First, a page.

But before then, we also have Great Britain to cheer on in the Olympics women’s soccer tournament in Tokyo later this month, and a July jamboree for the Women’s Euros on home soil in 2022, with the Lionesses and Northern Ireland competing. If the 2019 Women’s World Cup in France is anything to go by, there will be LGBTQ+ narratives aplenty. Harder’s Denmark might even be drawn to face Magda Eriksson’s Sweden…

For now though, attention is on the men’s Euros final – England against Italy, one of the continent’s football giants but also a country that languishes below Lithuania on the Rainbow Europe rankings due to its government’s repeated failures to pass anti-homophobia measures.

Britain is hardly an LGBTQ+ utopia, particularly for our trans and non-binary siblings who continue to suffer from the slings and arrows of the right-wing news media’s skewed agenda. It’s heartening, though, to be confident in the anti-discrimination values vocalised by our players, guided by Gareth whose ‘Dear England’ letter has galvanised the country. His words should inspire us all to want to be reformers, and to ignore those performers who gobble up airtime and column inches with their tedious diatribes against ‘wokism’ and culture warmongering.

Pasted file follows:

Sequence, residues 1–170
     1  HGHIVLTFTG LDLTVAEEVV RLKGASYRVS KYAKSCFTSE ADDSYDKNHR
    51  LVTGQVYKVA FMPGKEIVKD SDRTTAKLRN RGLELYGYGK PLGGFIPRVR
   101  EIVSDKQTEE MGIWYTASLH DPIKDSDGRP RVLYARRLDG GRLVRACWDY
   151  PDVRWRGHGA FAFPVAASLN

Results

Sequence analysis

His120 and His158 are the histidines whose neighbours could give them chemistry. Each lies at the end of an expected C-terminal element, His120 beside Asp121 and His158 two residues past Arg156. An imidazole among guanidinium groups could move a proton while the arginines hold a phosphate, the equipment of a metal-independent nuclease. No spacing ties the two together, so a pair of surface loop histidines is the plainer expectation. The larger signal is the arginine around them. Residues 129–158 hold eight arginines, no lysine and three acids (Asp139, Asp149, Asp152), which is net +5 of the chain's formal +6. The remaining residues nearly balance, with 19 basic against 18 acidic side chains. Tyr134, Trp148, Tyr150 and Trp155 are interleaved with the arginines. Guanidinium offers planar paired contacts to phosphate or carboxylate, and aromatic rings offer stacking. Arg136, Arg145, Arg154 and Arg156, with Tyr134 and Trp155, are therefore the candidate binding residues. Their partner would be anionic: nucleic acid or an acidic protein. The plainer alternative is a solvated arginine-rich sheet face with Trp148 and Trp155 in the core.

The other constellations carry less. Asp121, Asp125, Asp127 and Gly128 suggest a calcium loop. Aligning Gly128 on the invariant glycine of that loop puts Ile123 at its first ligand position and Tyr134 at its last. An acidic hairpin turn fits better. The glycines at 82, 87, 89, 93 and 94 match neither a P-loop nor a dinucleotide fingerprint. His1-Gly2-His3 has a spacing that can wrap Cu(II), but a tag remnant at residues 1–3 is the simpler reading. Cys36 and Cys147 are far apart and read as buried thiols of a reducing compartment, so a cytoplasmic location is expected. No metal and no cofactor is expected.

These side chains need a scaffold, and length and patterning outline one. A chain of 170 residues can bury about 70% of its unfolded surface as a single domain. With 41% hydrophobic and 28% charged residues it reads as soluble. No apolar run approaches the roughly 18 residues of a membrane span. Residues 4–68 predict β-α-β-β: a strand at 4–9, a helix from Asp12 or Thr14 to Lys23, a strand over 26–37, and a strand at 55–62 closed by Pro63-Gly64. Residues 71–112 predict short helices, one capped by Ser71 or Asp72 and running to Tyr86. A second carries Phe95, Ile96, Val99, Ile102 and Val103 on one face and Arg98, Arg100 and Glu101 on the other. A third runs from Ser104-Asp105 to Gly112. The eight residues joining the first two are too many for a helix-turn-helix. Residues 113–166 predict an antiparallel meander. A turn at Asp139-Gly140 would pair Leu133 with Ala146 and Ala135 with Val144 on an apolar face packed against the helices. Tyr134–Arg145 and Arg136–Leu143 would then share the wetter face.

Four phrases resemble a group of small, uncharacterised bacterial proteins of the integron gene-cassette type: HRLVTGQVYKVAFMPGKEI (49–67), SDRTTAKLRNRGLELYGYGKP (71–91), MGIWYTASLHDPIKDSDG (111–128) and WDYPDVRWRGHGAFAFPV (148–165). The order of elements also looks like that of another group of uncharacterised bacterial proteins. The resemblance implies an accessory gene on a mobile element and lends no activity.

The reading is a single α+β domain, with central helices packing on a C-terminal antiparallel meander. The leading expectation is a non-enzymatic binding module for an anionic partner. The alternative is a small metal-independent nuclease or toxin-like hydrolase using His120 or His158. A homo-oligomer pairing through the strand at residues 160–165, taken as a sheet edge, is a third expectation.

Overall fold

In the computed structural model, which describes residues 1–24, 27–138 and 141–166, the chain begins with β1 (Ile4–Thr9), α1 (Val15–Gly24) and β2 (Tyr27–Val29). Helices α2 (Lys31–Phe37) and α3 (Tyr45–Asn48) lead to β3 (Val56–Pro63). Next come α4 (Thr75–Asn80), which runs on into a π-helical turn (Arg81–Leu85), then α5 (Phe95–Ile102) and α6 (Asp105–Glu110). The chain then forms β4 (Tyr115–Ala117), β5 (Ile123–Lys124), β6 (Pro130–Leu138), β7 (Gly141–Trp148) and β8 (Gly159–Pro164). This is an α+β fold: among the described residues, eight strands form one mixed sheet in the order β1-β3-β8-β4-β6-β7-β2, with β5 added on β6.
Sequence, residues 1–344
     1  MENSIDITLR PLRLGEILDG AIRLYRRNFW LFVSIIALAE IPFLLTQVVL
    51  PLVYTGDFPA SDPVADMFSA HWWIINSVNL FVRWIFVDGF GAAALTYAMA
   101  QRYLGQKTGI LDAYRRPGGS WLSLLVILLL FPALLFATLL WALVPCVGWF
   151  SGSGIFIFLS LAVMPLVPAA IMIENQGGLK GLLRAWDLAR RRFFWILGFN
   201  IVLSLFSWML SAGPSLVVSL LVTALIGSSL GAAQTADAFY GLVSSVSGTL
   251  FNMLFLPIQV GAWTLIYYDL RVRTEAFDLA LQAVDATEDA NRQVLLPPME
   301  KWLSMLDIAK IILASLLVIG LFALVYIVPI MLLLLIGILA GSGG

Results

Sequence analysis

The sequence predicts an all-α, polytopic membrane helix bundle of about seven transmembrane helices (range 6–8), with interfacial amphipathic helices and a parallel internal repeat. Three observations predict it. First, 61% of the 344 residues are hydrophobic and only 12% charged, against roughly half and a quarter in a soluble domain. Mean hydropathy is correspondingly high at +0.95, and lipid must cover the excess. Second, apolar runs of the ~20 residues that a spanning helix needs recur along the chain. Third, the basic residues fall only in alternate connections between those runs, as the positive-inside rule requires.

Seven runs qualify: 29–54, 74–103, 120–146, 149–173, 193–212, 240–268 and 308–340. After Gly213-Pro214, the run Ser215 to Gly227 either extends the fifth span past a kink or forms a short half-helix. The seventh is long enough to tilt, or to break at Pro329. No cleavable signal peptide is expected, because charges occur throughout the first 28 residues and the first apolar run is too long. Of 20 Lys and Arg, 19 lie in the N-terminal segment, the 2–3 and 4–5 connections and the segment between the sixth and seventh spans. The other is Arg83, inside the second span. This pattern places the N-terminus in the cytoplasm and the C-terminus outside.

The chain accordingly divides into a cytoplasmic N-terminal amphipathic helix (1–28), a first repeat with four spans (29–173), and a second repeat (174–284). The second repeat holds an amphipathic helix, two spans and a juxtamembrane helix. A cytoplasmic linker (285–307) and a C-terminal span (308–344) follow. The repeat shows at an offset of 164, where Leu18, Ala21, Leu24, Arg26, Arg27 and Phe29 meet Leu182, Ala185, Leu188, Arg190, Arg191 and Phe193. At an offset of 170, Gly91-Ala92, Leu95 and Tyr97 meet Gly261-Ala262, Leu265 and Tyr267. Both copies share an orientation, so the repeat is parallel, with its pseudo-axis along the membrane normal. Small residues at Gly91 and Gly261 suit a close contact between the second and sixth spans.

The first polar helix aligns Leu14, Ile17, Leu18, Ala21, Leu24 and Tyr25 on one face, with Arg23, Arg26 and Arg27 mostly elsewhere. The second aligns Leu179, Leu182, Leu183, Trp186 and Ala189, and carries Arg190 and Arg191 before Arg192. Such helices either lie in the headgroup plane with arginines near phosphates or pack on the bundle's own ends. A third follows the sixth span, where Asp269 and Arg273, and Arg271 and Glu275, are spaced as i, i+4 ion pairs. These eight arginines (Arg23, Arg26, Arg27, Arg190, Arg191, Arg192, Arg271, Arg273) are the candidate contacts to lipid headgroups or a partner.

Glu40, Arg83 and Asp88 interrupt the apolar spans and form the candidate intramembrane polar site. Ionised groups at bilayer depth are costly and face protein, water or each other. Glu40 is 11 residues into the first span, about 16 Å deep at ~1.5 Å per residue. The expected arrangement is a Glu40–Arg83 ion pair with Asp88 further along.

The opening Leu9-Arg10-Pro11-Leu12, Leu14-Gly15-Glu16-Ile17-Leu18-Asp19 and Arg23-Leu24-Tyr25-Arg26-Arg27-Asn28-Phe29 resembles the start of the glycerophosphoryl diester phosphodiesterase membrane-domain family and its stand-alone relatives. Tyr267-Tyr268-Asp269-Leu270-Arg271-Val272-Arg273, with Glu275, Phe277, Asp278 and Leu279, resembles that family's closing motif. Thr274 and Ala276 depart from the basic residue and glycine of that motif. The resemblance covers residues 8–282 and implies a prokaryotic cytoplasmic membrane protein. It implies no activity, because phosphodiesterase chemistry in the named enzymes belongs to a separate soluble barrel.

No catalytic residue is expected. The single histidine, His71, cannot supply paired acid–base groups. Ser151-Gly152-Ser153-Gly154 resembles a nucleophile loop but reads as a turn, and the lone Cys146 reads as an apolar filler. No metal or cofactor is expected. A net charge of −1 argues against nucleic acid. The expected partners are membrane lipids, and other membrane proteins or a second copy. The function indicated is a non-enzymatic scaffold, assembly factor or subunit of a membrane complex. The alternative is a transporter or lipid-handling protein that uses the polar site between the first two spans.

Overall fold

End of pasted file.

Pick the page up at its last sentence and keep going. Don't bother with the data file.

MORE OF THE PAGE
I hope you can trust in this England team – that you can have confidence that it won’t put you down, and that it does want you around. Moments of unity that make us feel whole again as a nation are so special and everyone should get to experience that.

But more than anything, and whatever happens on Sunday, I hope you never stop dreaming about football and the good times it can bring.

Sports Media LGBT+ is a network, advocacy, and consultancy group that is helping to build a community of LGBT+ people and allies in sport. We’re also a digital publisher. Learn more about us here.